I believe ArchAngel, if my wishes do come true, will be on the start line for Mykonos Regatta tomorrow. Mr Commodore your Legacy is in procession…

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RCYC ACADEMY REPORT – by Lindani Mchunu

I cannot begin to explain to you how far down the rabbit hole we have gone. Our club, our academy is being discussed in board rooms far removed from the waters of Table Bay. To be honest with you I never imagined we could go as far as we have, I never imagined that I would be on first name basis with high ranking government officials. I never thought that our little academy would become a cog in the big wheel that is maritime education and training. You wouldn’t believe me if I told you that there are people who are seeking to take our little
academy and replicate it nationwide. As I have said on numerous occasions, we are at the point of no return.

We are heading in a direction that will require us to change a lot about ourselves. I have been mandated by the club to grow our academy in ways that will benefit not only the kids that come through our doors but our club as well. As we look at our uncertain future, not knowing what will become of our club and our sport, it is incumbent upon us to do whatever we can to ensure that our actions today echo our hopes for tomorrow. I know I will not be amiss if I say all of us wish to see this club remain here for another 100 years and beyond. Yet as much as our
predecessors had to face many challenges with the ever-shifting landscape that is our society, we too face challenges of our own. We cannot change, yet remain the same. We cannot transform yet keep our old ways. Change is uncomfortable at a very personal level, for instance I know that cigarettes are bad for me and every day I smoke one, I am literally killing myself, yet the motivation and discipline to quit is an ongoing struggle. Even when death is the consequence, the will to quit and change my bad habit is an ongoing struggle. Why? I reckon it is because I am not fully conscious of what is really going on inside my body every time I smoke. I am not currently suffering the consequences of my habit. If my body could bring the consequence immediately instead of delaying it, maybe it would hit home immediately, but maybe it would also be too late.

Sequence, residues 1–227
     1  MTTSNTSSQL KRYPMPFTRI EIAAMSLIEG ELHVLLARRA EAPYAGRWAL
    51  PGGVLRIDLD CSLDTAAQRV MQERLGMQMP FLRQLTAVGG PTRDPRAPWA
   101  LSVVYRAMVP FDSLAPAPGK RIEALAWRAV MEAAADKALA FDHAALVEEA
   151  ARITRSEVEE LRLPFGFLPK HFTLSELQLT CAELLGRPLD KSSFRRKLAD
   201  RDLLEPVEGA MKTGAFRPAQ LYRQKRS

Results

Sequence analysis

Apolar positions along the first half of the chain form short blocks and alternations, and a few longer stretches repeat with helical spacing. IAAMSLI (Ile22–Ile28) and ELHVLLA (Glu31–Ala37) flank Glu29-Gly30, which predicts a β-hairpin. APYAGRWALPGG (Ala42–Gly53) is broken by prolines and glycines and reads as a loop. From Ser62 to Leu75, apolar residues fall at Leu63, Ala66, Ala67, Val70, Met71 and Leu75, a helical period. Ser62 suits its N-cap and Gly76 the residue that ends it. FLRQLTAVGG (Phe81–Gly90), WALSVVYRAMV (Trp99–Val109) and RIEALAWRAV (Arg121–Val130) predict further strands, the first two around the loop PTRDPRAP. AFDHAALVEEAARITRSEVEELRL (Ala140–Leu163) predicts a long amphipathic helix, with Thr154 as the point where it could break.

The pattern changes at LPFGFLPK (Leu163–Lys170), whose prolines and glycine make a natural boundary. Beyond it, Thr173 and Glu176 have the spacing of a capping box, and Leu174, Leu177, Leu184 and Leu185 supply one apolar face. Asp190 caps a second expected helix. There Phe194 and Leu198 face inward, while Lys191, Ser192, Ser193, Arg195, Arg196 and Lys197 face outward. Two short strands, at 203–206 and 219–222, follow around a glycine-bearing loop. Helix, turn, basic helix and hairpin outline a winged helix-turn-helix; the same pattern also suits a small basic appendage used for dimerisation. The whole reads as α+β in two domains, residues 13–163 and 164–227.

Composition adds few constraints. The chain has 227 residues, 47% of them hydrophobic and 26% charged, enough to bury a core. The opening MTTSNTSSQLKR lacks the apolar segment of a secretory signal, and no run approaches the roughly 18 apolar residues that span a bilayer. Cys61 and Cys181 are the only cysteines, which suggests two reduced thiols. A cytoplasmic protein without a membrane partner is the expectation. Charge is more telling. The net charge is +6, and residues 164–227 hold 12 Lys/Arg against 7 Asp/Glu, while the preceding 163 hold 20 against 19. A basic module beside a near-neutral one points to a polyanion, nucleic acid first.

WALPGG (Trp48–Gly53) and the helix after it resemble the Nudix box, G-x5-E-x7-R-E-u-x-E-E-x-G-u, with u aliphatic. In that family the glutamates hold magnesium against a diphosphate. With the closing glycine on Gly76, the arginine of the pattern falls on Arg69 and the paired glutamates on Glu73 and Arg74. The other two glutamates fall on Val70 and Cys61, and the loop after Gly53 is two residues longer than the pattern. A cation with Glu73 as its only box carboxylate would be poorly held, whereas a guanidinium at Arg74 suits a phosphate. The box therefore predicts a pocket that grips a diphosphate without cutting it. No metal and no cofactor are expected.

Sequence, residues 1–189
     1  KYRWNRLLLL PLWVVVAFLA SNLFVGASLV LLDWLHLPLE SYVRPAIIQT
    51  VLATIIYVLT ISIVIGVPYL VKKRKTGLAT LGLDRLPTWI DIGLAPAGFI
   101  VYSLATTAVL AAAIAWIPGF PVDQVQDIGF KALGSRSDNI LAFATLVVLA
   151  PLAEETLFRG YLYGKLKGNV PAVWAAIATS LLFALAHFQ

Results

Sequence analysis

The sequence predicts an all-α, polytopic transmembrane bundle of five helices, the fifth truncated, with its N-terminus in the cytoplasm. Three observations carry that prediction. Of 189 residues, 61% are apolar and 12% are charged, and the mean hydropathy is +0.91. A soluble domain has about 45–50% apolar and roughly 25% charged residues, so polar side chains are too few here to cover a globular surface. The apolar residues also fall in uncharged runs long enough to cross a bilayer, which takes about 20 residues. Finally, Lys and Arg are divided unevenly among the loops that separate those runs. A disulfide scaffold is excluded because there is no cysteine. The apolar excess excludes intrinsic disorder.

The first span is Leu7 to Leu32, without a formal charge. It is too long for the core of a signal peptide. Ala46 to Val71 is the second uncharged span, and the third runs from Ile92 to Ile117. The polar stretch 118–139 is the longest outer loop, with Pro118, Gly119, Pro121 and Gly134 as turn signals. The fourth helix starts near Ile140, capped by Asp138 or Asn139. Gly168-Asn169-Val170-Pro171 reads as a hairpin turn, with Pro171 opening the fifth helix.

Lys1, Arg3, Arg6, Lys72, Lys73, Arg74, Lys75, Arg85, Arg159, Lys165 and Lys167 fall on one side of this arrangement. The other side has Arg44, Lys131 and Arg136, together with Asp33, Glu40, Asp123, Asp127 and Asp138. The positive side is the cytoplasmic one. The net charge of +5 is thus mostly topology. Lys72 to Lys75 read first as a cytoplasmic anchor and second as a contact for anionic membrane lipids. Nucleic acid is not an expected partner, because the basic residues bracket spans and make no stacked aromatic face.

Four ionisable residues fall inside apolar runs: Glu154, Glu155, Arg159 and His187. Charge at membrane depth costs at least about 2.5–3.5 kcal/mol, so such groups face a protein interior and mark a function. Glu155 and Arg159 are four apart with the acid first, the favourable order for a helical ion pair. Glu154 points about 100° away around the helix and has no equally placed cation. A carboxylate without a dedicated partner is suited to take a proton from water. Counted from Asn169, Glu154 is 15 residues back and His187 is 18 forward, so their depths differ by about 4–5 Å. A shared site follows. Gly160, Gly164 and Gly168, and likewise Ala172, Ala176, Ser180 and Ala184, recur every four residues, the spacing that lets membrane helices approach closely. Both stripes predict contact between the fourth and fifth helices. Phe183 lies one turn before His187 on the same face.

If I don’t stop smoking, I will be the one who will bear the brunt of my bad habit. Yet if we do not change collectively many will be affected, many will lose out and the future will be a sour one indeed. There have been occasions where some of my academy kids have made me aware of experiencing raw racism at our club, I have taken it in my stride hence I have never really spoken or written about it. I do not want to be the racism police. It’s boring and tiring to say the least, racism is a ghost. Yet most of all it is painful, because I cannot change the colour of my skin and I wouldn’t, even if I had the opportunity to. The Sun has decided to imprint itself on my skin and I have no issues with that. What bothers me is when someone decides that my skin colour is a reflection of my disposition and constitution, funny thing is, because of my command of the English language and my literary inclination most of these academy kids think that I am what is called a COCONUT. Black on the outside white on the inside, human beings at their best, always wanting to label things as though once you have labelled someone, he/she will remain true the properties you have bestowed upon them. Nothing could be further from the truth, life has proven over and over again, that evil men can be good and good men can be evil. Most things if not all things are ever as simple as black and white. I cannot ask for people to change who are unwilling, all I can say is racism at its core is painful, it makes one question their very essence and kills any dreams and aspirations one might have had for themselves once someone puts you immediately in a box and refuses to meet you and recognise your individuality. Mahatma Ghandi said one should never be anti-anything, one should always strive to be pro something, my hope is that in time this academy and I, will open the eyes of those who refuse to look at us as mere people who are trying to do right by life and contribute positively to our sport and club. I will continue to encourage and promote within our academy the ethos of community and responsibility to the whole. I am pro us division has never engendered peace and harmony. Wind and water folks that all we have in the end, wind and water. Our boat our crew that is all that will see us through the storms ahead.